The bird floats in the water of Fredonia, hike in the sewers | News, Sports, Jobs
There is another proposal to raise water and sewer rates in Fredonia.
Administrator David Bird presented it at the board meeting this week. He wants to increase the base rate by $5 per pay period and the usage rate by $1 per 1,000 gallons.
Bird said water treatment and cleaning costs were rising and the rate hike would partially cover that. “Water and sewer have not been measured since 2017”, he added.
“It’s a good starting point to get us back on track.”
Administrator James Lynden, who had his own rate hike plan rejected a few weeks ago, criticized Bird’s proposal. Lynden said his proposal would have cost taxpayers less than Bird’s plan.
“My proposal did save the majority of the community some savings, but actually solved the problem,” he said. Lynden wanted to do away with base fees altogether and move to a variable rate scale based on usage.
“I’m offering this now because the fact is we’re losing gobs and gobs of money right now in our current water and sewer rates,” said the bird. He added that he rejected Lynden’s plan because it would have disproportionately affected large-scale commercial users.
“It increases equally between everyone”, Bird talked about his own plan. “The $5 (base rate) hike is based on everyone using the pipes, everyone having the repairs.”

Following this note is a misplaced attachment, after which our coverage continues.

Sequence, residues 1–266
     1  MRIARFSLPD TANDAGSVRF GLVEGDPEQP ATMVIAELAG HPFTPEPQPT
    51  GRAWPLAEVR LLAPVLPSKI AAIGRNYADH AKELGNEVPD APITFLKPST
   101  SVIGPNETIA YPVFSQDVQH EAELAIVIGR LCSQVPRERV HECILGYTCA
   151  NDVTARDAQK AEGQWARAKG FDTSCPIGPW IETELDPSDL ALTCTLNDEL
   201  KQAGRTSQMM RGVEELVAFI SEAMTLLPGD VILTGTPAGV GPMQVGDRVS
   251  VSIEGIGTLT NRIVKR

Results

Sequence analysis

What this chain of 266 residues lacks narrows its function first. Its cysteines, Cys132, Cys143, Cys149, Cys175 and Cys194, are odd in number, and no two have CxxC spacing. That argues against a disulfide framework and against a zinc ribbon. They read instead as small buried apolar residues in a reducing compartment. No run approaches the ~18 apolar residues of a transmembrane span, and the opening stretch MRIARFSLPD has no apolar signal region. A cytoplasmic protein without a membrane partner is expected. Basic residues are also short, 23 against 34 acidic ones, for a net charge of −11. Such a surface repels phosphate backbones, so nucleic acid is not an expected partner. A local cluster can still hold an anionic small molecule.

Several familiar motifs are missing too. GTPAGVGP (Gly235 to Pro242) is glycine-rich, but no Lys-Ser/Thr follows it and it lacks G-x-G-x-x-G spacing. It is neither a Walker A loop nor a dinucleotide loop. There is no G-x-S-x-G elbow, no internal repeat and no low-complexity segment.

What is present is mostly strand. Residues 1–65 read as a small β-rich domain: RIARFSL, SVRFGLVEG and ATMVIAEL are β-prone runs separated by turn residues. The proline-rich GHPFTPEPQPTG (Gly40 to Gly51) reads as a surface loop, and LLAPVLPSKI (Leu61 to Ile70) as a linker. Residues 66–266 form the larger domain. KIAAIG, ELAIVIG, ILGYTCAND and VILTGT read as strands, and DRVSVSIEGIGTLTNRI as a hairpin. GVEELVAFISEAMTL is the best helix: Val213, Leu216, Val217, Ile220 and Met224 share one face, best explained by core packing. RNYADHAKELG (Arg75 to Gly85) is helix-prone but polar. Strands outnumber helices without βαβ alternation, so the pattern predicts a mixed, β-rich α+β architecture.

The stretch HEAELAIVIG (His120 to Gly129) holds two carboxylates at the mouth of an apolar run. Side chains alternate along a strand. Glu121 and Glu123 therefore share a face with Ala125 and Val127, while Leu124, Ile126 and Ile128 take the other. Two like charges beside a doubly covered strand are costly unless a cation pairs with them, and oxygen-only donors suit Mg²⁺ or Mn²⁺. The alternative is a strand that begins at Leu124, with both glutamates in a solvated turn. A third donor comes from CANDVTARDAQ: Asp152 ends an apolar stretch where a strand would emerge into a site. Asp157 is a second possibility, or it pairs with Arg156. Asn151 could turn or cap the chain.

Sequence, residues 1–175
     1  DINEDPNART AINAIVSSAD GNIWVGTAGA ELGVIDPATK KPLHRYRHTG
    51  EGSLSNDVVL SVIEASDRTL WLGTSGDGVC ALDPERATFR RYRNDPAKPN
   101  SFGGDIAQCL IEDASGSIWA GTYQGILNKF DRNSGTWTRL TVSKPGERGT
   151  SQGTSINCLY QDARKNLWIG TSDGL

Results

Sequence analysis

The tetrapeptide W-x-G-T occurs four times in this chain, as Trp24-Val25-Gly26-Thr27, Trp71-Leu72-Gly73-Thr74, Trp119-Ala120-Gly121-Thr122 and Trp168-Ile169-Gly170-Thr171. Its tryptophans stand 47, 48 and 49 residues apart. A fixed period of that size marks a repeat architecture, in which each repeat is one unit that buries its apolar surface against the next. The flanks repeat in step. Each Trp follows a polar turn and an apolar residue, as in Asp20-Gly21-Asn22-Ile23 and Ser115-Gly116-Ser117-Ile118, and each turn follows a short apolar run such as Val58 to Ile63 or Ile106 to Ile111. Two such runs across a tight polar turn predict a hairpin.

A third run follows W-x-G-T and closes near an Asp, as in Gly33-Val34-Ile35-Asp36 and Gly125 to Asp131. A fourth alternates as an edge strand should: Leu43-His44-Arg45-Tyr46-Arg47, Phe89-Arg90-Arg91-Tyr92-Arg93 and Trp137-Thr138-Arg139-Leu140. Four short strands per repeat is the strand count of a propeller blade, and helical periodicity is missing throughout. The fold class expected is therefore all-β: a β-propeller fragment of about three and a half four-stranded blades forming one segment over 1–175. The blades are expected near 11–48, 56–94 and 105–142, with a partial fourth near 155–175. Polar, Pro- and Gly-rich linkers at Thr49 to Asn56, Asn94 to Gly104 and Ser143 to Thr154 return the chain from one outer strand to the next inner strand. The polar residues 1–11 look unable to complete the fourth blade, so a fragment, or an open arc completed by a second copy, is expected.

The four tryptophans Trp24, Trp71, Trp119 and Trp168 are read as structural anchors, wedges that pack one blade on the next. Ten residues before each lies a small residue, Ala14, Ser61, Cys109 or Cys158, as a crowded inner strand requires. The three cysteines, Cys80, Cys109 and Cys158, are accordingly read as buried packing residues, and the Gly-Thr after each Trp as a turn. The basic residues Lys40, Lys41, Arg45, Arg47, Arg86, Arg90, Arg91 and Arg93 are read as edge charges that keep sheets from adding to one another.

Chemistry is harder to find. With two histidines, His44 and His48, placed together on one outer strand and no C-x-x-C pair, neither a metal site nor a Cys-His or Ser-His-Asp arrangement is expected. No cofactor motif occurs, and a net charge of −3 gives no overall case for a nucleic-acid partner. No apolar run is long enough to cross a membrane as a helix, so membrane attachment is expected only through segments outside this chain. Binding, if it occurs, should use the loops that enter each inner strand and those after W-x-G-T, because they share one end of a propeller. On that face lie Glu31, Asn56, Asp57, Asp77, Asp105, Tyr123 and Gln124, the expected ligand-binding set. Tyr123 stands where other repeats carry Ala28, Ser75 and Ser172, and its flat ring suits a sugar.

Mayor Douglas Essek, who joined several local businesses in criticizing Lynden’s plan, backed Bird’s proposal.
“Fair means equal”, says Essek. “And the plan offered by Trustee Bird is an equal amount distributed to each user, whether you are a commercial user or a residential user.”
Administrator Jon Espersen said debating Lynden’s proposal was irrelevant, as it had already been voted down.
“That’s the problem I’m looking at”, said Espersen. “I think it’s a little premature to talk about increasing tariffs, when there will come a time in the very near future when we will have to make a major decision about where we get our water from.”
The village has engineering reports on its ongoing water system, and Espersen advocated waiting for the reports before deciding whether to raise rates. He added that the reports could influence future decisions about Fredonia’s water source, hinting that it could lead to collaboration with the North County Water District.
“It’s going to be far down the road. We have to do something now,” said the bird. He said there should at least be a public hearing on his proposal, with Espersen agreeing.
“If we could possibly manage our expenses in other ways, we should definitely think about it before going ahead with your proposal,” Lynden said to Bird. He said the lack of increases in the hike in previous years was due to a good fund balance, but recent work at the water treatment plant consumed some of that.
With Lynden’s objection, the other directors agreed that Bird’s proposal should be made public for a hearing. Clerk Annemarie Johnston said she would put a resolution requesting the hearing on the trustees’ agenda on October 31.